War on Education?

Jared Bernstein shares this chart by the OECD which shows how education levels have changed from one generation to the next. The US has made no progress. In other words, the percentage of Americans who are in the 55-64 age range who have attained a college education is the same as the percentage of 25-34 year olds. This is more than lamentable. And yet, the Republicans in the House have just approved a budget that cuts Pell grants significantly.

What Are We Doing?: So the last thing you’d want to do is to cut rungs from that ladder.  Yet that’s exactly what the House Republican budget, authored by Rep Paul Ryan, does.  According to the White House, the budget changes “eligibility and funding under the Pell Grant formula so as to eliminate grants for 400,000 students and cut grants for more than 9 million others in 2013 alone.”

Paul Krugman connects the Republican war on education (what’s a little incendiary language hurt every now and then?) with the plummeting trust of science among conservatives, especially educated conservatives. This is both infuriating and saddening and I have to admit that I continue to be at a loss as to how anyone can think it’s a good idea to diminish education in our society by discouraging it both verbally and financially.

I have the same question as Jared Bernstein: What are we doing?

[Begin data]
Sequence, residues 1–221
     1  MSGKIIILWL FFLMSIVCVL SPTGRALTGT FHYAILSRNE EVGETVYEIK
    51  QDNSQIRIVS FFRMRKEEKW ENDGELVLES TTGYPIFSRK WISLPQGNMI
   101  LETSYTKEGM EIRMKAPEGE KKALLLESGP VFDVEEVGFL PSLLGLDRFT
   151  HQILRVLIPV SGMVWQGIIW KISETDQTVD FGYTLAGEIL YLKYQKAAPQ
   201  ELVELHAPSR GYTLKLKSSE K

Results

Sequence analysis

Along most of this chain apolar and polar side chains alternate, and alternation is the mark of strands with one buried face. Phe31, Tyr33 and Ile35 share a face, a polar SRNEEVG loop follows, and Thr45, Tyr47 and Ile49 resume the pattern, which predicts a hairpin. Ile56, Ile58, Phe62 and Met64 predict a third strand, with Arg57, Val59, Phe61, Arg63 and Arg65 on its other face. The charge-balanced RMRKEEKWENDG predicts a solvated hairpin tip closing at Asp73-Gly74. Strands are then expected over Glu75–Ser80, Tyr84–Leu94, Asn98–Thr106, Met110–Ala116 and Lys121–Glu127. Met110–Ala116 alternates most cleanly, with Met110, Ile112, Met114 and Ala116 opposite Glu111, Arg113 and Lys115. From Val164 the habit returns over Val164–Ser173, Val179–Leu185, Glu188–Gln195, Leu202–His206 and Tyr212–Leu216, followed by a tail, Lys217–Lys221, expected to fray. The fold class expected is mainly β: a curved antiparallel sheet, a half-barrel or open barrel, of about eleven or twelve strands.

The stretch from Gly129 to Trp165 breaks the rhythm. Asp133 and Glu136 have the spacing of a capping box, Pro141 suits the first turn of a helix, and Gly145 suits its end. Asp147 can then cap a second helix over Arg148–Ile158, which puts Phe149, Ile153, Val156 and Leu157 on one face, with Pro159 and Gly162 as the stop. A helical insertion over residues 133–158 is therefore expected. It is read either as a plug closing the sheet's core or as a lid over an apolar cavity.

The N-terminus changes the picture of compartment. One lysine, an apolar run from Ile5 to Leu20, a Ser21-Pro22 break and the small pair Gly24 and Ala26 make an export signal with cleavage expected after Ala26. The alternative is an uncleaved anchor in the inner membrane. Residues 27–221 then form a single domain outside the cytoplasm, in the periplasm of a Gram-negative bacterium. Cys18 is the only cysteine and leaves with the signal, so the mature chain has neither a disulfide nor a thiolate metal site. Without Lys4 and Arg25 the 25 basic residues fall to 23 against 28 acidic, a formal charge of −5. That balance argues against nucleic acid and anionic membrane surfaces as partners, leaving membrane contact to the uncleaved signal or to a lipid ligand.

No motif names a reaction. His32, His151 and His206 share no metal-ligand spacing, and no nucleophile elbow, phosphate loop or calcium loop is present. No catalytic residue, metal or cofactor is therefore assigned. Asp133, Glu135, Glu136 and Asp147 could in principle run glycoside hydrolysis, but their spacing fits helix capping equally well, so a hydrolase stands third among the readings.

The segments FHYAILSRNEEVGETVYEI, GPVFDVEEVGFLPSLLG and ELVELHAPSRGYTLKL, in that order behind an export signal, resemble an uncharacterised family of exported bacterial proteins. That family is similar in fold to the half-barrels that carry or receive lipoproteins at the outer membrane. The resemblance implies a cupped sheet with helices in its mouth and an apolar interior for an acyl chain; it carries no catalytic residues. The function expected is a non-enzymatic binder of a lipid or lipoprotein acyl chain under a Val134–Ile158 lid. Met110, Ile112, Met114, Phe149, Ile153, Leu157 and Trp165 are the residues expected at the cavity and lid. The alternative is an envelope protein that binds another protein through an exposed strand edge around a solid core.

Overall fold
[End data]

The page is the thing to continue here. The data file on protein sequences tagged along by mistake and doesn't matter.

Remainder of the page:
But, I have another question too, have conservatives shifted their battlefront away from social issues (at least to a small degree) and to education? If so, why?

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One thought on “War on Education?

  1. There’s two problematic trends developing here, in my opinion. First, it’s difficult for the general public attitude to say “you really need to go to college because the experience and learning opportunities are invaluable and will help you get a job” thus increasing enrollment, when there’s already not adequate funding at state universities. This leads to a decline in the quality of education that can be provided at large, state universities, thus cycling back on its self for the argument that college is unnecessary because people aren’t getting their time/money’s worth. Unless the issue of funding for state universities is seriously addressed, I think it will remain difficult to make the case for someone to go to college who is on the fence about the whole matter or for someone from a lower socio-economic background who would really need to financial support. Second, I think that the “war on education” is just an out-growth of the general Republican social values platform. Many, even highly educated, Republican leaders are still suspicious of universities because they see them as bastions of commie, atheistic, liberal thinking bent on brain-washing their conservative children. Thus, I guess I see it more as a shift within a larger discussion of traditional, conservative values for America than as a separate conversation from other social issues.

    Also, I realize that I probably could have just walked over to the other side of the office and said this is person, but as Harold pointed out, I’m ABD now so I have time to respond to blog posts, haha.

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